Letter: Welcome gratitude after a lifesaving decision

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The Independent Online
Sir: I was pleased that you devoted space to the feelings of relatives of donors of organs ('Transplants that brought comfort to the bereaved', 17 August). My 21- year-old daughter died in October 1993 from brain damage after being knocked over on a pedestrian crossing.

She had carried a donor card for some time, but did not have it at the time of the accident, and there was some indication from her boyfriend that she may have changed her mind. Although I anticipated the request for her organs, it is a difficult decision to leave a loved one on life support to be operated upon for removal of organs. After some agonising, agreement was given and her heart, lungs, liver, and kidneys were used on three donees.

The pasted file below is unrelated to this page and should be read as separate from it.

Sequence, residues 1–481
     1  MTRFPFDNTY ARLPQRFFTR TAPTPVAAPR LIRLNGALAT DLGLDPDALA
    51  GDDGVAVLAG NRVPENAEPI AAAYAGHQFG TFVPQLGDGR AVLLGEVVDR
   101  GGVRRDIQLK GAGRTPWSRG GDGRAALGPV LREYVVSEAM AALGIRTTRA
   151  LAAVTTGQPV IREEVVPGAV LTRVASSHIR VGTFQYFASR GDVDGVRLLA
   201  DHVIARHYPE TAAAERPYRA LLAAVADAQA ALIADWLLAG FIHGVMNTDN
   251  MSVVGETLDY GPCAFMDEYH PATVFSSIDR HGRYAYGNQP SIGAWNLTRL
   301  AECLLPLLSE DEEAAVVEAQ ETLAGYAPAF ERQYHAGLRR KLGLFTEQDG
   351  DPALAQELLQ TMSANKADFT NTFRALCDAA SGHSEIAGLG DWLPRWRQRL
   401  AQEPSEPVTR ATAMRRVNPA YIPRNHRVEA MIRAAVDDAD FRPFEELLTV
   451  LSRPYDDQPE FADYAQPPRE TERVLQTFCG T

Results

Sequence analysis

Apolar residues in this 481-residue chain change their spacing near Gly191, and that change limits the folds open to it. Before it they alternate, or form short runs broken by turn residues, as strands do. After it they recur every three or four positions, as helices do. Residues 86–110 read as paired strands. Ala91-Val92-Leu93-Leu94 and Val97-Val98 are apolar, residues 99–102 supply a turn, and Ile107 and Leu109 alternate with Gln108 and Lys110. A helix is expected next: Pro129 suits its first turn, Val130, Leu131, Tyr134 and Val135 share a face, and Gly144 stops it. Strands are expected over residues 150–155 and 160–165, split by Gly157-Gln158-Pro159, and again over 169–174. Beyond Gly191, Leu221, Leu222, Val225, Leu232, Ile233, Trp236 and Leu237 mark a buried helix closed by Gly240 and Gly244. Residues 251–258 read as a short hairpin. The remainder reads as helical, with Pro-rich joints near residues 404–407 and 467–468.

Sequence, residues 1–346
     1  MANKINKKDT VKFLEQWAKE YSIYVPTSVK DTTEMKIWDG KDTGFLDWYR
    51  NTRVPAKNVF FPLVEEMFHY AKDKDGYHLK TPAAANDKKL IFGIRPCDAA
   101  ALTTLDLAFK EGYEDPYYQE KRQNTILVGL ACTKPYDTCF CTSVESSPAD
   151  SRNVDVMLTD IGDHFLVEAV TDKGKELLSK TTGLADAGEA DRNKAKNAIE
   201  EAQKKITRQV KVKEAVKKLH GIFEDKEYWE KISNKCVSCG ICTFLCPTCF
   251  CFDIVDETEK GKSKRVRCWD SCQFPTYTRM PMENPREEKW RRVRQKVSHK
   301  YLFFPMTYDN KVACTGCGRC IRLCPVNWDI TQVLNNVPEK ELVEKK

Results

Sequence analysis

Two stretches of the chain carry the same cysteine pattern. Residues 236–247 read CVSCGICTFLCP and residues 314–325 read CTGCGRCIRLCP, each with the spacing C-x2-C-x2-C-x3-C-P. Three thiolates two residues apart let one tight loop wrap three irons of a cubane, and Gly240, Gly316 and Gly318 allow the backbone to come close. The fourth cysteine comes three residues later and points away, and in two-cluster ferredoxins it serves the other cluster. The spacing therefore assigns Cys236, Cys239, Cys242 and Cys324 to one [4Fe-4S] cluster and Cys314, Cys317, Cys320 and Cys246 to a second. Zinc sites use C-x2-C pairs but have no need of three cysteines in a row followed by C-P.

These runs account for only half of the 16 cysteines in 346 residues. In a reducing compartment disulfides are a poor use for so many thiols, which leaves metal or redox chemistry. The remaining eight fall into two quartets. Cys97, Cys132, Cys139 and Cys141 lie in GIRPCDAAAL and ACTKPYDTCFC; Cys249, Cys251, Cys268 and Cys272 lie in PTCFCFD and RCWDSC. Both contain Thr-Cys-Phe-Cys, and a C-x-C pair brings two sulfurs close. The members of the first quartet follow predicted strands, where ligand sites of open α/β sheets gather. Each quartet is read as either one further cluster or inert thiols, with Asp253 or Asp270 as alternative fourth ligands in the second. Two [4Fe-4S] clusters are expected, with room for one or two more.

Of those three, only one has ever acknowledged the receipt of the organs. He wrote a most touching letter, which was relayed anonymously to us by the donor co-ordinator, and the letter was a great comfort to me. I now know that one donee died several months later, but without any word from her or her relatives. No word has been received from the third recipient.

I, like others, do not expect undying gratitude from donees. But I am sure I am not alone in wanting some recognition of a lifesaving decision made in difficult circumstances. If thought is spared for the feelings of the next of kin of donors, it may encourage donations to be given more readily.

Yours sincerely,

ROSALIND BRYCE

Coggeshall, Essex

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